Going into the 2009 season there are three positions on the Michigan Defense that are causing a great amount of concern among the Michigan faithful. Cornerback. Safety. Defensive Tackle. All three of these positions have highly touted players starting for the Wolverines. All three of these positions are also an injury away from becoming an aneurysm inducing mess. In an effort to assuage those fears (or stoke them like coals in a furnace) we'll be taking a look at Michigan Football's positions of need, the quality in place, the replacements on the way, and recruits that hopefully will carry the load for Michigan going forward.
If you're looking for an iconic photograph that basically encapsulates how Michigan fan feels about Michigan Football, you really need to look no further than the aftermath of Alan Branch planting Anthony Morreli in 2006.
The end of Times, via www.thewolverineblog.com
It's all there. Strength. Power. Devastation. Arrogance. This photo sums up both the expectations and historical results of Michigan Football. So, as emblematic as the Corner position has become for Michigan over the past couple of decades, Defensive Tackle may be a more apt symbol. Will Carr, Rob Renes, Alan Branch, Gabe Watson, Terrance Taylor, and the lot. Just like Michigan's football seasons, they've run the gambit from overachievers, to underachievers, to just what you'd expect, good or bad. If you're looking for a positional representation of Michigan's Football fortunes, look no further than Defensive Tackle.
Along those lines, the last two years have been down ones at Defensive Tackle. The talent was certainly there in the forms of Terrance Taylor, Will Johnson and Mike Martin. Unfortunately the results (save Martin) haven't been. Taylor was projected to be a second round pick in 2007, came back to a revamped (totally screwy) defense and wound up dropping into the fourth round after a disappointing senior season. Will Johnson, despite being one of the strongest guys on the team, never lived up to his billing. As a result, teams ran all over Michigan. Now you can't pin the failure of the run defense on these two guys. But the reality is they were serviceable at best for most of the year, with the occasional flash of brilliance. Regarding Martin, it appears he's got star written all over him. But that's easy to say when you're coming off the bench fresh mid game rather than starting.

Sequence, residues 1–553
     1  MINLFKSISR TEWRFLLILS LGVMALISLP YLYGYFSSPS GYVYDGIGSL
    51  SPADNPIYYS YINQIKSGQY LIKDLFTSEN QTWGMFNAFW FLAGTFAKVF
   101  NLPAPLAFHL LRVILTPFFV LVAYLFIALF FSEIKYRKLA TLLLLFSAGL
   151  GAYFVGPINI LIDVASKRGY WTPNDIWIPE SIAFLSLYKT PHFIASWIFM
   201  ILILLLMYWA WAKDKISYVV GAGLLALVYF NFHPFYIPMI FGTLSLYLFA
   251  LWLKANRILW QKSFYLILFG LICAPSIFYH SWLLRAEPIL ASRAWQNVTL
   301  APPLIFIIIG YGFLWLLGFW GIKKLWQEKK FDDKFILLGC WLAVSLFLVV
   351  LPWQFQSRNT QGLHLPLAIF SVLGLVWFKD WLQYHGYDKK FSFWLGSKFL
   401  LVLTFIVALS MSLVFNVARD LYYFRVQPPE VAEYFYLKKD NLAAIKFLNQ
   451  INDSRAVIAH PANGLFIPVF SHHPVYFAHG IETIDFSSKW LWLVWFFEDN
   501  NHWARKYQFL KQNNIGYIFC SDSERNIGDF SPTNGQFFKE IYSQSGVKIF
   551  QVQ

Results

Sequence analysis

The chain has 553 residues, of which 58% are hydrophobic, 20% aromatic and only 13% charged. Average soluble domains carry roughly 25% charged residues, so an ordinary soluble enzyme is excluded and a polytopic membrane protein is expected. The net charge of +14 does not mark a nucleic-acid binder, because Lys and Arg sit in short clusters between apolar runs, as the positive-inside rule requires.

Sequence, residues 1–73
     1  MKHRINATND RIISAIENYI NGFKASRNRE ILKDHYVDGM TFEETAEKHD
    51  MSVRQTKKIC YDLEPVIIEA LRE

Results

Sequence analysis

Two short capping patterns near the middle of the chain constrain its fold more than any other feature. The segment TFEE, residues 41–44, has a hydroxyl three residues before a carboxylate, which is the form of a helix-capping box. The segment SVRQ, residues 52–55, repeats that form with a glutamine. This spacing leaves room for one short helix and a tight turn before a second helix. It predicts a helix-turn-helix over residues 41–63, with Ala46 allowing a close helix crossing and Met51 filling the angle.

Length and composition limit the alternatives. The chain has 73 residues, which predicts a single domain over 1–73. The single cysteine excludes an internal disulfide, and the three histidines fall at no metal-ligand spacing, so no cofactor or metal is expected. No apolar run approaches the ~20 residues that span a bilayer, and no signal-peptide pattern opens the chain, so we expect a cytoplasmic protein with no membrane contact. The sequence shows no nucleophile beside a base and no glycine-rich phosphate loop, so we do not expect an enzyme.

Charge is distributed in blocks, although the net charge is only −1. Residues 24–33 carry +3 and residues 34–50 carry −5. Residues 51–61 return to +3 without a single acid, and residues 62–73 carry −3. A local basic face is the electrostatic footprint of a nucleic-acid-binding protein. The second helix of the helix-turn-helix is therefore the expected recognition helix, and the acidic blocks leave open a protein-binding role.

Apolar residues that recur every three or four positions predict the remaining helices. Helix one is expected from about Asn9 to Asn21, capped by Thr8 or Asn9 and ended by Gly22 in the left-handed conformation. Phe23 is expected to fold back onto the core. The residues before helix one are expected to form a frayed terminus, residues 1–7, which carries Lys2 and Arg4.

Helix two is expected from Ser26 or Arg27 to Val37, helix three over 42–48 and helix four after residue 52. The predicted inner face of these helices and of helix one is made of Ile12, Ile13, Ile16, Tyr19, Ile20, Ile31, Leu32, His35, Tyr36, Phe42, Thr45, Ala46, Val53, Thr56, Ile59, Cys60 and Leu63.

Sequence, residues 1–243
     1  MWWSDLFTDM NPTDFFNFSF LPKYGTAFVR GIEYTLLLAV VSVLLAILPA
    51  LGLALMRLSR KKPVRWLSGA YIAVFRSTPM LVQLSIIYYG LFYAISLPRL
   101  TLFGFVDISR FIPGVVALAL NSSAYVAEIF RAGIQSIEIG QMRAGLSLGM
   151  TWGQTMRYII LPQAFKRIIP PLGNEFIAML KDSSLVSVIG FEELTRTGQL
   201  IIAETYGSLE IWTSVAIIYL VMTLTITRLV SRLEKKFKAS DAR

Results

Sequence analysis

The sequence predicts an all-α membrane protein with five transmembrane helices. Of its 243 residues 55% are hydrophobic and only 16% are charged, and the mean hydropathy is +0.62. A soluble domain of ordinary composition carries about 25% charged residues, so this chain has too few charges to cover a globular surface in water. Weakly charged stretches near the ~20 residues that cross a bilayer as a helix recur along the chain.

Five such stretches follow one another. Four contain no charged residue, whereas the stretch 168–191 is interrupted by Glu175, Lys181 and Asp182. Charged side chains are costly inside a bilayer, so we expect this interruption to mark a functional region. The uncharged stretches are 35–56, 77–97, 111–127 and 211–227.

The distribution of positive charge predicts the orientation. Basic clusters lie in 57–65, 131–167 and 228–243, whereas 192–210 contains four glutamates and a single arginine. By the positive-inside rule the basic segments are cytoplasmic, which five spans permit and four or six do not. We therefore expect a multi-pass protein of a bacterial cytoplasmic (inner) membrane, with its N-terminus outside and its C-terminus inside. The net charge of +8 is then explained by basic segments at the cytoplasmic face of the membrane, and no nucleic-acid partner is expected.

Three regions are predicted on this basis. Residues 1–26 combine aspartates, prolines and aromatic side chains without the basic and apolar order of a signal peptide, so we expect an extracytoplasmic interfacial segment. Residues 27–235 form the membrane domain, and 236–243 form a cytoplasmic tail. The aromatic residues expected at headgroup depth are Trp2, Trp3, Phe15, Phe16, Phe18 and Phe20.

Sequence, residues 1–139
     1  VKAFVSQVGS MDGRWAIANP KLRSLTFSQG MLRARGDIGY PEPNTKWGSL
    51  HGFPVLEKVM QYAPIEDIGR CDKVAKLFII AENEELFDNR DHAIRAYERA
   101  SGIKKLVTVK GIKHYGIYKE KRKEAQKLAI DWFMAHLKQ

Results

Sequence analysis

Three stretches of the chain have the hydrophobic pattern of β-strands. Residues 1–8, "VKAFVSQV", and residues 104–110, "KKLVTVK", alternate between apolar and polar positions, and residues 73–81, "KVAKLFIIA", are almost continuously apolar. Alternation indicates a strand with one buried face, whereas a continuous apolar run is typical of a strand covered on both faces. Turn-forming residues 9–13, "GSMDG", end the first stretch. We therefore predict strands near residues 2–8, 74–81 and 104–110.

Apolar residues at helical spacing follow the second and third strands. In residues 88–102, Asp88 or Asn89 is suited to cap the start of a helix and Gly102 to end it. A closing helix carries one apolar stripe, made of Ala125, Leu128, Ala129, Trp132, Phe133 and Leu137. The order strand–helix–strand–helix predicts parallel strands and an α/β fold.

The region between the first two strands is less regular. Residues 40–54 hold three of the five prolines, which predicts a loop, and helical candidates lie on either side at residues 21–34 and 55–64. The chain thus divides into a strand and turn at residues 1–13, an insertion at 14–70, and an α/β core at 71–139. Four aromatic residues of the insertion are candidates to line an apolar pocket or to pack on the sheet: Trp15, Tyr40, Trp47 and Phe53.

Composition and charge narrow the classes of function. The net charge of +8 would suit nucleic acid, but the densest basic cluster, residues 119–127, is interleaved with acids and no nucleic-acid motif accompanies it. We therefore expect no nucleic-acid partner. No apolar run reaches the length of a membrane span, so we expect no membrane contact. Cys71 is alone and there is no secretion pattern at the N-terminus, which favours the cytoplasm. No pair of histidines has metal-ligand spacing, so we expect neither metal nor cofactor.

While game play at the Defensive Tackle position has been adequate, it's impossible to classify Michigan's recruiting at this position as anything better. When you think about the spectacular flame out of Marques Slocum; the underdevelopment Renaldo Sagesse and Jason Kates (transfer); and the fact that we've moved Vince Helmuth from fullback to DT, well, you start to wonder what the hell is going on.
Defensive Tackle has been such a frustrating recruiting slot that John Ferrara, a DT recruit, is now on the opposite side of the ball as an Offensive Guard! I mean how screwy do things have to be when you move a player to a position of need, and his former position becomes the most dire on the team? However you want to read it, with the graduations of Taylor and Johnson Michigan was down to one starter worthy player, a handful of guys whom we really have no idea whether they'll provide any serviceable time, a converted fullback, and an all-star freshman in the mold of Terrence Taylor. In a word: Yikes.
The DT position wasn't supposed to be this dire heading into 2009. Michigan had all but inked a pair of highly rated DTs to the 2009 class in Pearlie Graves and DeQuinta Jones to go along with uber-recruit Will Campbell. Unfortunately, as the weeks leading up to national signing day unfolded, Michigan lost both Jones and Graves to last minute defections. This left only Campbell to fill what was suddenly a cavernous DT void. This isn't to suggest either Jones or Graves would be contesting for starting time, but a couple of extra bodies in the middle would come in real handy this year, ready or not.
So where does that leave Michigan heading into 2009? Surprisingly adequate, but an injury away from a serious, serious problem.'s transition to the 3-4 Deathbacker defense takes some of the pressure off the middle of the line in terms of numbers. Michigan won't need to prance out both of its best DTs on any one play unless Robinson switches to a more traditional 4-3 just to mess with the other team. Based on Robinson's track record, I don't see that happening... too often. The Deathbacker means that Mike Martin will start the season as Michigan's 1st team DT. Martin had a solid year as a freshman in 2008 and on several occasions outplayed his senior teammates. You might recall Martin doing this against Wisconsin:
Skip to 8:00. Courtesy of Wolverine Historian, of course.
Yeah. The kid can play.